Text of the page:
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Broken Hips and Head Injuries in Geriatric Psych Units

If a patient in a geriatric psychiatric unit in a hospital suffers a fall, he or she will likely obtain an injury, ranging from a sprained wrist to a broken hip to a closed head injury. Any injury in the elderly can result in severe complications when not treated properly. It is for this reason that hospital staff must take every precaution possible to avoid falls in the first place. And, for those patients who do suffer falls, the staff must take great care to ensure immediate care of injuries and to limit additional complications.



Hip Fractures in Geriatric Psychiatric Patients

More than 95 percent of falls in older adults result in hip fractures. At its best, a hip fracture leads to lessened mobility. This immobility, however, can lead to greater reliance on others for daily activities, including feeding and bathing. It also can lead to extended hospital stays.

At its worst, a hip fracture leads to increased morbidity and mortality. Approximately 20 percent of all older adults who suffer a broken hip die within a year of the injury. Nearly one-third of all hip fracture patients pass away within two years.

Head Injuries Caused by Falls in Geri-Psych Units

Head injuries are the most common injuries that older adults suffer from after they fall. Common head injuries include:

  • Headaches
  • Internal bleeding
  • Traumatic brain injury (TBI)

Sustaining a head injury results in longer stays in the geriatric psych unit, or removal from that unit to an intensive care unit. In many cases, death can occur. Latest statistics show that 78 percent of all fall deaths in the elderly were due to traumatic brain injury.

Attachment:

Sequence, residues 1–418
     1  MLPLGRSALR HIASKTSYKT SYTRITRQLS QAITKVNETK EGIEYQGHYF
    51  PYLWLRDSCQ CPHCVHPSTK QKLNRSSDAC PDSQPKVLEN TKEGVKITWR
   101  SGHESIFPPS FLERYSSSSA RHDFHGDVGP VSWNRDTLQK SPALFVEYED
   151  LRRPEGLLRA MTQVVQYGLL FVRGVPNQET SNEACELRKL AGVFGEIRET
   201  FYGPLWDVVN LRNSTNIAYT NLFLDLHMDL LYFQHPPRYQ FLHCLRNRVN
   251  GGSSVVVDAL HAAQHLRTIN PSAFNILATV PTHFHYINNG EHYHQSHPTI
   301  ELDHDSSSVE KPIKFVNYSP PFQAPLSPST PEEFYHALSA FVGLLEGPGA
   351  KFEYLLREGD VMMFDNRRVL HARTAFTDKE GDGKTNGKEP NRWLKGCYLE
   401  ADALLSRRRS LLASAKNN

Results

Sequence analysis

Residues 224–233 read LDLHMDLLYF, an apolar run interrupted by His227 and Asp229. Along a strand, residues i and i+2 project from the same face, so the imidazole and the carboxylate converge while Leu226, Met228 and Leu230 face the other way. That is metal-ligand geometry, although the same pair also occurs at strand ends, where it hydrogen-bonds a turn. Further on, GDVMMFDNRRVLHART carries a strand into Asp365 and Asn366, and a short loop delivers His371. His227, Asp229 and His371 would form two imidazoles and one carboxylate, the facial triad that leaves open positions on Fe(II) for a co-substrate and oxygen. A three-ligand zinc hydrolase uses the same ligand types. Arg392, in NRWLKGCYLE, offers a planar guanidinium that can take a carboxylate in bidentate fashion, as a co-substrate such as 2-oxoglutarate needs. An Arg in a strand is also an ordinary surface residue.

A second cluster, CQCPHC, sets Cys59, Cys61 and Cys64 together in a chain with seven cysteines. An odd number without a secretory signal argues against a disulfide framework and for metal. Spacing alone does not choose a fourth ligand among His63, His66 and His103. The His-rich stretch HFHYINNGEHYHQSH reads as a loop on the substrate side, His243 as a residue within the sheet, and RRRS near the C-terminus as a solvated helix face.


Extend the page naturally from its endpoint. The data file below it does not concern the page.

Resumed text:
Additional Complications of Fall Injuries

While broken hips and head injuries account for a majority of the injuries that patients suffer from after falls, there are numerous other complications that may arise, including:

  • Illnesses such as pneumonia
  • Muscle breakdown, which can lead to bed sores/pressure wounds
  • Delirium and depression
  • Malnutrition, which can lead to infection and dehydration
  • Increased side effects from additional medication required to treat the injury

Geriatric psych nurses and doctors must take extreme precautions to avoid these and other complications after a patient fall. If your loved one has suffered a fall, and you believe his or her doctors are not taking enough steps to avoid further illness or injury, reach out to an injury attorney who can help you.

Discuss Your or Your Loved One’s Injuries in a Free Consultation

If your loved one suffered injuries after a fall in a geriatric psych unit, speak to a knowledgeable personal injury lawyer. Discuss your concerns and learn about your options during a free consultation at our Chicago-based office. Learn more by contacting our personal injury team online or by calling The Rooth Law Firm at 877-356-3007.